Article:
Fig 5A provides a number of case studies that highlight the stability of h-frac and the deterioration of the h-index over time. These case studies are further illustrated in Fig 5B. The evolution of h and h-frac values over time is visualized in Fig 5C and 5D. Hyperauthors (red) acquire increasingly high h-indices over time, commonly rising above 80 by 2019. In contrast, their h-frac values remain low, predominantly less than 20. Fig 5E visualizes the distribution of h-frac values in the four fields of research. The top 100 scientists have h-frac values of 59 and higher in biology, 39 and higher in computer science, 37 and higher in physics, and 29 and higher in economics.
(A) Ranking induced by h and h-frac for a number of scientists in the Scopus physics dataset. (B) Comparison of rankings induced by h and h-frac in the Scopus physics dataset. Scientists are color-coded by the average number of coauthors per publication. (C) Evolution of the h-index of each scientist in the Scopus physics dataset over time. Each scientist is a curve. Color represents the average number of coauthors per publication. (D) Evolution of h-frac over time. (E) Distribution of h-frac values in each field of research. (F) Distribution of the number of authors per publication for 10 physicists with the highest h-frac in 2019.
Fig 5F examines in detail the output of the 10 physicists with the highest h-frac in 2019. The data suggests that the h-frac measure is not antithetical to collaboration, which is associated with scientific progress [53–55]. Among physicists with the highest h-frac are prolific collaborators such as Albert-László Barabási (#4, 5.6 authors per publication on average), Steven G. Louie (#8, 4.9 authors per publication on average), and Manuel Cardona (#9, 4.3 authors per publication on average).
We have conducted a large-scale systematic analysis of scientometric measures. We have demonstrated that commonly used measures of a scientist’s impact have become less effective as correlates and predictors of scientific reputation as evidenced by scientific awards. The decline in the effectiveness of these measures is associated with changing authorship patterns in the scientific community, including the rise of hyperauthorship. We have also demonstrated that fractional allocation of citations among coauthors improves the robustness of scientometric measures. In particular, the h-frac, a fractional analogue of the h-index, is the most reliable measure across different experimental conditions.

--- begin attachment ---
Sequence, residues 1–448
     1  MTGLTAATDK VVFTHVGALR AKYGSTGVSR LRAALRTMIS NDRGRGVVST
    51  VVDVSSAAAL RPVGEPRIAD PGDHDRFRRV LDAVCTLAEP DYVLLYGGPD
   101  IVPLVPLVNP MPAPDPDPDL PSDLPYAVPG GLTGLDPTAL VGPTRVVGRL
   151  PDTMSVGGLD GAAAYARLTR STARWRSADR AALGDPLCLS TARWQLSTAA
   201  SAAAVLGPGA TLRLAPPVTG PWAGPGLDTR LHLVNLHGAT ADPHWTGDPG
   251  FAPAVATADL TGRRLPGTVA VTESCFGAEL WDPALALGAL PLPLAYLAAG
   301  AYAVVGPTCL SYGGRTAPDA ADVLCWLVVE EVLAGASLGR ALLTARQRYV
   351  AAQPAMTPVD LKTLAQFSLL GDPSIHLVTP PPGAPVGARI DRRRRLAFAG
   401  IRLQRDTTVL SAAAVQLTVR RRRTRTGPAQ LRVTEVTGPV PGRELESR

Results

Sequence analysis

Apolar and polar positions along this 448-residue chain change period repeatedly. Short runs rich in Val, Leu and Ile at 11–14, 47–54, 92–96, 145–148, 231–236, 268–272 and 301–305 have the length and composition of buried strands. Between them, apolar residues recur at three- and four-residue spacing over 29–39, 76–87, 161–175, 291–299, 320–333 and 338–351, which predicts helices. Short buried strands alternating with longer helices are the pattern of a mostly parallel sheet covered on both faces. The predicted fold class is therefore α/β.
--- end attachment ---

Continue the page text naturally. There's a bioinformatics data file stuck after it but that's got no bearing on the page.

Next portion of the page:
Our analysis did not uncover unreasonable penalization of collaboration among researchers by fractional allocation measures. Fractional allocation does make explicit the expectation that each author makes a meaningful contribution to the publication’s impact. In the words of Derek de Solla Price, “Those not sharing the work, support, and responsibility do not deserve their names on the paper, even if they are the great Lord Director of the Laboratory or a titular signatory on the project. Any time you take a collaborator you must give up a share of the outcome, and you diminish your own share. That is as it should be; to do otherwise is a very cheap way of increasing apparent productivity.” . Our study indicates that fractional allocation neutralizes the inflationary effects of hyperauthorship on bibliometric impact indicators, but continues to reward collaborative production of impactful scientific research [53–55].
A number of aspects of bibliometric impact indicators have not been addressed in our study. One is the normalization of bibliometric indicators across different fields, so as to enable direct comparison of scientists across fields with different publication and citation patterns [13, 14]. Another is the presence of self-citations and whether such citations should be handled differently [14, 56]. Likewise we have not addressed the role of author order and whether this order should be taken into account in automatically allocating credit for a publication’s impact [14, 57]. These are interesting avenues for future work.
Our work has both near-term and long-term implications. In the near term, our work indicates that the use of the h-index in assessing individual scientific impact should be reconsidered, and that h-frac can serve as a more robust alternative. This can ameliorate distortions introduced by contemporary authorship practices, lead to a more effective allocation of resources, and facilitate scientific discovery. In the longer term, our data, methodology, and findings can inform the science of science [11, 21] and support further quantitative analysis of research, publication, and scientific accomplishment.
Materials and methods
We construct a dataset of highly-cited researchers in four research fields: biology, computer science, economics, and physics. To begin, we retrieve a set of highly-cited researchers in each field via Google Scholar. To this end, we query Google Scholar with keywords identified by the following systematic procedure, for each field of research: